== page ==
Behaviour of residues

So the other day, I was talking to a friend of mine about complex analysis — particularly, the application of the residue theorem to the evaluation of definite (real) integrals. He stated the following (I’ve paraphrased/tried to make it precise):

Theorem 1. Provided that zf(z) \to 0 as |z| \to \infty and f(z) is holomorphic on all of \mathbb{C} except possibly with finitely many isolated singularities occurring in \mathbb{C} \setminus \mathbb{R}, we have that

\displaystyle \int_{-\infty}^\infty f(x) \, dx = 2\pi i \sum_a \mathrm{Res}(f,a),

where the sum is taken over all a in the upper half-plane.

The condition that zf(z) \to 0 as |z| \to \infty simply ensures that we can take the semicircle \alpha which starts at -r, goes to r, and then arcs back to -r in a counterclockwise direction, and letting this r go to infinity, the contour integral of f(z) around the curve \alpha will indeed converge to the desired improper integral (the left-hand side of the above equation). That is, it ensures that the contribution of the “arc” portion of the curve to the integral converges to zero as r \to \infty.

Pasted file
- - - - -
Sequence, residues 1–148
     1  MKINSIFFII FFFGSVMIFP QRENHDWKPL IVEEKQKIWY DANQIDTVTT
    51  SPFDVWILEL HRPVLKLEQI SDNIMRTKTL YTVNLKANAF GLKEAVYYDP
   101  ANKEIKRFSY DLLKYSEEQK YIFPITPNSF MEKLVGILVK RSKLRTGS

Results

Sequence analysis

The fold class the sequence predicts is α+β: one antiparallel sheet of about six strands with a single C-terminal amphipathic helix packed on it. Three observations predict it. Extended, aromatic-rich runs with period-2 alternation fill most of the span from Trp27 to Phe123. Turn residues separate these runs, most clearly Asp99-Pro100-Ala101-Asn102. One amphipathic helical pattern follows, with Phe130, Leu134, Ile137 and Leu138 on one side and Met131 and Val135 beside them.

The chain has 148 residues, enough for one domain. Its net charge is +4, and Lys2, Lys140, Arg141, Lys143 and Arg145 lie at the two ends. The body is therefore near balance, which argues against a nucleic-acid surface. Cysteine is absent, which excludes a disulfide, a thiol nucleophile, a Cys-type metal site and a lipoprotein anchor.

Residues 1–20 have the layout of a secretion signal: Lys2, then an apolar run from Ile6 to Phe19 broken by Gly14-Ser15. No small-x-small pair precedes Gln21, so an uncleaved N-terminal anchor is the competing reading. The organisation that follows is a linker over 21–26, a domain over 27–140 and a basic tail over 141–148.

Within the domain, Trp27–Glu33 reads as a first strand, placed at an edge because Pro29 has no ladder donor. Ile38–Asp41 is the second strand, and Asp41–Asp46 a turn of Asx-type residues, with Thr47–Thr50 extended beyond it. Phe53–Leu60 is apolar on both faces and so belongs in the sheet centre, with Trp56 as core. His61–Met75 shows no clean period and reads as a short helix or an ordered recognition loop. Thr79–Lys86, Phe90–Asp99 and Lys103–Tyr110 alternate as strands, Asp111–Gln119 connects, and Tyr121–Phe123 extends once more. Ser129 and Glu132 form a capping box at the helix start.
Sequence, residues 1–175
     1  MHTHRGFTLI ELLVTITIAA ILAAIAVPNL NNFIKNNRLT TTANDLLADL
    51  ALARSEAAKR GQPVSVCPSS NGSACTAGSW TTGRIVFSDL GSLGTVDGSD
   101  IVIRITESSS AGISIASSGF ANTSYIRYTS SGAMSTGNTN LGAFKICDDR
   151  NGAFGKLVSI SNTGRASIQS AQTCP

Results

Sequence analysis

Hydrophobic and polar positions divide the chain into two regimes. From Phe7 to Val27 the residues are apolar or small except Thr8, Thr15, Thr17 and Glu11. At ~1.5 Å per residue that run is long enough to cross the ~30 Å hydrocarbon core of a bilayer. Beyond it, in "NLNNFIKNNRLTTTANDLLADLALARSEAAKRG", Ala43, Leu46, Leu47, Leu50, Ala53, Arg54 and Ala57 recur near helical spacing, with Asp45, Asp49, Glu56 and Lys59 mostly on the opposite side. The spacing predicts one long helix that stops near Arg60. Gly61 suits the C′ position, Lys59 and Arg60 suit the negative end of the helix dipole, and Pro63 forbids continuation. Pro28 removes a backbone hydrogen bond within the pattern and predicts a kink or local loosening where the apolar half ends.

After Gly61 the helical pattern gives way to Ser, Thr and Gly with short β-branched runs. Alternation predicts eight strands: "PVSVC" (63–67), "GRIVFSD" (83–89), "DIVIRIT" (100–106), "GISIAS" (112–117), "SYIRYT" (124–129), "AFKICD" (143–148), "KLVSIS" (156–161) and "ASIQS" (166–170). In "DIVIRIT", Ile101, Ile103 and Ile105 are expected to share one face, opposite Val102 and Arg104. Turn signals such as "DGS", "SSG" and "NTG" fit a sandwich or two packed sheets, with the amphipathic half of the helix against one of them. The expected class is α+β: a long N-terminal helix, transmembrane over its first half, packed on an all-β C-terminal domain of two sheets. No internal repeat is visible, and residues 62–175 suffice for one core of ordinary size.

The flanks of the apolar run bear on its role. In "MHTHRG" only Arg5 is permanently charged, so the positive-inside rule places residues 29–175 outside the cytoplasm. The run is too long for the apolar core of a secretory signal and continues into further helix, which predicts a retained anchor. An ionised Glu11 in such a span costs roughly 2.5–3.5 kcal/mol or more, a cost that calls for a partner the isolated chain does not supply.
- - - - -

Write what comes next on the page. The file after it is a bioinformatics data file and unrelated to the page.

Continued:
After he said this, I started thinking about the following theorem:

Theorem 2. If a holomorphic function has finitely many singularities, then the sum of all the residues must be 0.

This means that if a function has no singularities on the real line, then the sum of its residues in the upper half-plane must be the negation of the sum of its residues in the lower half-plane.

Going back to the discussion of Theorem 1 now. We could also take the semicircle in the bottom half-plane, whereby the curve would wind around any enclosed singularities in a clockwise direction. The residue theorem will then spit out a negative sign in front of the sum, since the winding number will be -1 (due to the clockwise rotation):

\displaystyle \frac{1}{2\pi i} \int_{-\infty}^\infty f(x) \, dx = \sum_{\substack{\text{upper} \\ \text{halfplane}}} \mathrm{Res}(f,a) = -\sum_{\substack{\text{lower} \\ \text{halfplane}}} \mathrm{Res}(f,a)

whereby we observe the residues in the upper and lower half-planes summing to zero as expected.

A quick corollary of this is the following: if p(z) is a polynomial with \mathrm{deg} \; p(z) \geq 2 with all of its roots in one particular half-plane, then f(z) = 1/p(z) clearly satisfies the limit condition, but then the sum on the right-hand side of the equation is zero by Theorem 2, which means that

\displaystyle \int_{-\infty}^\infty \frac{dz}{p(z)} = 0.

I’ll write another post soon; right now I have to sleep. Here’s a plot of
\displaystyle \left| \int_{-t}^t \frac{1}{(x-(3+i))(x-(2+9i))} \, dt \right| for 0 \leq t \leq 200:


About mlbaker

just another guy trying to make the diagrams commute.
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